Welcome to the Solaris Blog! ヾ( ʚ̴̶̷ .̫ ʚ̴̶̷ )ﾉ”
We’re doing something a little different with this post — it’s time to take a first look at Kotobukiya’s 1/8 ARTFX J Himiko Toga figure that just came out!
NOTE: We took all photos shown here and made minimal edits to them. We slightly adjusted the color/lighting, dust was Photoshopped out, and we cropped each photo. However, we did not remove any blemishes or imperfections.
So, without any further ado, let's dive in!
In terms of first impressions, as usual, Kotobukiya nailed translating Toga into a 3D figure that walks a razor-thin line between adorable and deranged.
Even when she’s not using her Transform Quirk, Toga’s design is all about misleading appearances. Without her knife, she looks like a spunky high school girl who’s a bit of an oddball.
It’s the small details like the oversized moe sleeves on her cardigan that show off her personality and the quality of the figure reflects them in a way we’ve come to expect from a brand like Kotobukiya.
She’s a very charming young lady.
That said, there is slight ridging on her knuckles from where the mold was cast...not great, but also not unforgivable in our eyes.
Speaking of eyes, we never realized Toga’s pupils and irises are slightly warped in some scenes in the anime until we compared the figure’s eyes to screencaps. The painters seem to have gone for a combination of accuracy and interpretation in order to convey her off-kilter energy.
It may be surprising how much painting on a character’s eyelids correctly matters, but it could be the difference between making them look cute versus unintentionally crazy (even though that’s accurate in this instance...).
Case in point with the G.E.M. Tenohira Tanjiro...yikes.
Aside from that, her perpetual dark circles, blush, and fangs make her look positively feline.
Toga’s hair is the one thing we have mixed feelings about. On one hand, we honestly love her stabby space buns because they look like weapons in their own right and the textured lines create just the right amount of detail to mimic actual hair instead of leaving us with completely smooth orbs.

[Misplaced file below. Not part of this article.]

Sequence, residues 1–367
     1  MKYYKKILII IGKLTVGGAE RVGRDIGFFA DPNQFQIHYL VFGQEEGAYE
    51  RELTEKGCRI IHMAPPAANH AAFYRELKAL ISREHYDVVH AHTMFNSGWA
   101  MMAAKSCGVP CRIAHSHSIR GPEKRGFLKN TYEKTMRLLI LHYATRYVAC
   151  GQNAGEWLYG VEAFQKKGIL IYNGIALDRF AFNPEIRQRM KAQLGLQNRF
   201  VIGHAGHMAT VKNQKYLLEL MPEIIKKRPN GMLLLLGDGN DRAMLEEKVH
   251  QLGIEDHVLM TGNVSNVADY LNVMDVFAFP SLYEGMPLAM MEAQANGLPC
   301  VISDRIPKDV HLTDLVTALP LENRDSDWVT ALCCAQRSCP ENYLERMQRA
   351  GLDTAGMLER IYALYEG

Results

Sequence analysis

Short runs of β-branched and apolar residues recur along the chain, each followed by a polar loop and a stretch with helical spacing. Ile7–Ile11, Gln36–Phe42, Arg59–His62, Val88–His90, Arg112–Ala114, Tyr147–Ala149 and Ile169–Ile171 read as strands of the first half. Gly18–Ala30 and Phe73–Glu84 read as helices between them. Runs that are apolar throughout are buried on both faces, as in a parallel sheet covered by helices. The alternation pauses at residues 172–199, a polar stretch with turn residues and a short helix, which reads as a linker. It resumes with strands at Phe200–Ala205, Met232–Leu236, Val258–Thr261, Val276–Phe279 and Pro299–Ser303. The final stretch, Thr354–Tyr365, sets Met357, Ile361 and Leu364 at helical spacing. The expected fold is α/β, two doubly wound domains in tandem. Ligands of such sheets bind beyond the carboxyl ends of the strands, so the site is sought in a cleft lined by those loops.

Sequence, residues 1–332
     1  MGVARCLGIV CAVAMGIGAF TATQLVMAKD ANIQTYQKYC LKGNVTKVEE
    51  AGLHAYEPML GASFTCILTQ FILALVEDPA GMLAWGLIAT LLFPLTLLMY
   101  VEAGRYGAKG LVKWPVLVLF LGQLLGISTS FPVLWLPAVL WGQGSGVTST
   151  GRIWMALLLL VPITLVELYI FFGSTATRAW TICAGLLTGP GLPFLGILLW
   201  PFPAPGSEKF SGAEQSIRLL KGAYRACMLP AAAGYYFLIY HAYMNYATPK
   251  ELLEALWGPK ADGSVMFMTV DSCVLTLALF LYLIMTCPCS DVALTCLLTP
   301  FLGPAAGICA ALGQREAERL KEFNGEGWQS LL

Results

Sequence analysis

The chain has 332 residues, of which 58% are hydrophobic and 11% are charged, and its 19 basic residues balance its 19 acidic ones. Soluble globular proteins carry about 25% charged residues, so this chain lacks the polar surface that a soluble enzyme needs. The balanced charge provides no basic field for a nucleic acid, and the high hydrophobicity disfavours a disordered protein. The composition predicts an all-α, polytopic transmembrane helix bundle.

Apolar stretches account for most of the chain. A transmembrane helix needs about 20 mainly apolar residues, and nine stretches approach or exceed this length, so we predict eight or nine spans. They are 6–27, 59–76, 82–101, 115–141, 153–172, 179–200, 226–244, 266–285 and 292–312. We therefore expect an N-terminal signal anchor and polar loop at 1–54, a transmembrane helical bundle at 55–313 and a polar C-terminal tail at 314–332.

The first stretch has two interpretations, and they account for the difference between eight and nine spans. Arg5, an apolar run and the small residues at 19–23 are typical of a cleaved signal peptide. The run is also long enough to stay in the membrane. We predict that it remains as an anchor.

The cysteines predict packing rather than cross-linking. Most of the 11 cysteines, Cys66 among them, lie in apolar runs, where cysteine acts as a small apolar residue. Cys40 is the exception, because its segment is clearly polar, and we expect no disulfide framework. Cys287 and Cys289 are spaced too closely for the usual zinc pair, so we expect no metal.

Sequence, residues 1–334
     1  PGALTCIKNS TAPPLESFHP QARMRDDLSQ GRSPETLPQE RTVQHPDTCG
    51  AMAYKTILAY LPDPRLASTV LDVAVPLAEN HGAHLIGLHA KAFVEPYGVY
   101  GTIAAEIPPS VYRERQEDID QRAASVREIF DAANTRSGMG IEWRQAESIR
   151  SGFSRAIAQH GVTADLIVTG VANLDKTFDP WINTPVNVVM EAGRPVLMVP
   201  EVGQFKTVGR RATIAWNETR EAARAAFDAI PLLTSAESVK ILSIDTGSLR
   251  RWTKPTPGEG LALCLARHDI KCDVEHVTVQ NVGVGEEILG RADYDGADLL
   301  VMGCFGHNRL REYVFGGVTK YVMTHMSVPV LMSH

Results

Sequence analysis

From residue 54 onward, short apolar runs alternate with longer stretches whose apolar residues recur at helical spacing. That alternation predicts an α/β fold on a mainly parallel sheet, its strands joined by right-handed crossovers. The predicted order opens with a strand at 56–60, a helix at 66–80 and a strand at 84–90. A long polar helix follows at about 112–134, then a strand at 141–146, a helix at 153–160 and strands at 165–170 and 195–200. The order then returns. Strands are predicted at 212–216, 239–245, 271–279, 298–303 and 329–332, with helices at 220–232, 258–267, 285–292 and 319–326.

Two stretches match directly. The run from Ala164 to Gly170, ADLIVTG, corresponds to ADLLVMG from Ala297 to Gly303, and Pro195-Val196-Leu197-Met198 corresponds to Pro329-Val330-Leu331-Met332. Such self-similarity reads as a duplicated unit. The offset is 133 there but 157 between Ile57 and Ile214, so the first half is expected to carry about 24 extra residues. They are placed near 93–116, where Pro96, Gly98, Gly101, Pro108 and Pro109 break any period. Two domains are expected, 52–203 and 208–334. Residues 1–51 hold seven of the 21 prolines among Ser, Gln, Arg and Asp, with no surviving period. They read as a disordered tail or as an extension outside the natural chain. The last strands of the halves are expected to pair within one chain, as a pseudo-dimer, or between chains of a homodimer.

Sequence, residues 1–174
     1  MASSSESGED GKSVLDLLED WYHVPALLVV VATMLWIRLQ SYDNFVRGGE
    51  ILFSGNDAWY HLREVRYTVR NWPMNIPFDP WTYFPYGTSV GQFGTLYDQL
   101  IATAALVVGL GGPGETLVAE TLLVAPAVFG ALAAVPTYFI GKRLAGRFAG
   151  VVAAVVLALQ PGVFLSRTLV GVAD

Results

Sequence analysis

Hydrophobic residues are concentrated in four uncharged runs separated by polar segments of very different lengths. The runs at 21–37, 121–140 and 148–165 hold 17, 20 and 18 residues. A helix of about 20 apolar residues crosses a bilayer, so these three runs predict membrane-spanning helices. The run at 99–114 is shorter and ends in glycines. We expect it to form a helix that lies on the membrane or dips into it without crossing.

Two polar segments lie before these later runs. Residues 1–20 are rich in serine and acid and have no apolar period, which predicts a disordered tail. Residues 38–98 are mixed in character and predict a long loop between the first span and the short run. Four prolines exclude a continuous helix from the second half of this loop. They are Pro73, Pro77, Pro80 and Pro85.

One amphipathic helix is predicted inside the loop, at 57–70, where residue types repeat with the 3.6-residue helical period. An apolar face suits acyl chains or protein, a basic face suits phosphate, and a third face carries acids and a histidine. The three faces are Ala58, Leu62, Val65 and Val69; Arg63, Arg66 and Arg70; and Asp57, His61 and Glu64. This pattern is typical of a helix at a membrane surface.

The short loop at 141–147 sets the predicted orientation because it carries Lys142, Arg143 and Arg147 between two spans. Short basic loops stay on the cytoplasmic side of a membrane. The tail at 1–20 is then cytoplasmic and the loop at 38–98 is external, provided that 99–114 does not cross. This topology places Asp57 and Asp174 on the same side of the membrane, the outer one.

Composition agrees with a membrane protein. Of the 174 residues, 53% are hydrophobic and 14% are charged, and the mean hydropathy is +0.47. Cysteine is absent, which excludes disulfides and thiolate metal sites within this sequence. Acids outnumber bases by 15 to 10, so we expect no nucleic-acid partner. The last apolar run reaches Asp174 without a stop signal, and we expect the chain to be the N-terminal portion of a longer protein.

On the other, this is where the plastic looks particularly rough; if it weren’t for those textured lines, we’d be very disappointed. However, we will say that we didn’t notice most of those bumpy edges and ridges until we really zoomed in on the photos — it’s something to keep in mind if you plan on taking photos of your own, but they’re not really noticeable unless we’re holding the figure and squinting.
The spiky parts are also a little bendy so please be careful when handling her!
At this price point, the minimal imperfections aren’t a dealbreaker and are standard as far as mass-produced figures go. We’re always hopeful for an immaculate sculpt and paint job, but that’s something that’s harder to achieve than you may expect.
The top of her socks and parts of her face also had what we thought were blemishes, but they came off after gently wiping them.
We talk about this in a lot of posts and we’ll say it again: simulating fabric is very important and Kotobukiya delivered. One thing that sets Toga’s design apart from the infinite number of schoolgirl designs out there is that her cardigan looks so dang comfy.
Even though this is a weird perspective for a photo, the way the cardigan falls and bunches up creates a realistic silhouette that makes us want to throw on a slouchy sweater of our own.
The little flip of Toga’s bow and skirt are also nice touches to an otherwise stationary pose.
Reflective surfaces on figures usually make us bit wary, so when we saw how her shoes caught the light we were initially worried. However, no matter the angle we shot from, they actually mimic polished leather in a crazy impressive way. The same goes for Toga’s socks — they look like a solid navy at first glance, but have a great matte shine and the slight bunching of the fabric at her ankle adds to the realism.
We could’ve done with a similar matte shine on the rocks, but that’s personal preference at this point. We’ll take it over a plain white or black disc any day.
Although simple, Toga’s knife is one of her signature weapons. We’re happy to say that it looks identical to the ones she wields in the show and had no problems securing it to fit in her hand (thank goodness).
Overall, Toga is a solid addition to the ARTFX J series. In certain cases, it’s a struggle to find things to say about a “basic” design, but that’s not the case here because of the amount of care put into the figure. Despite the issues we had with her hair, the number of fun details like the shine of her shoes and even the sculpt of the bend of her knees outweighed our nitpicking.
It’s not hard to phone it in when it comes to figures of popular characters, so we’re very happy to see all the effort Kotobukiya put into its recreation of this villainous darling~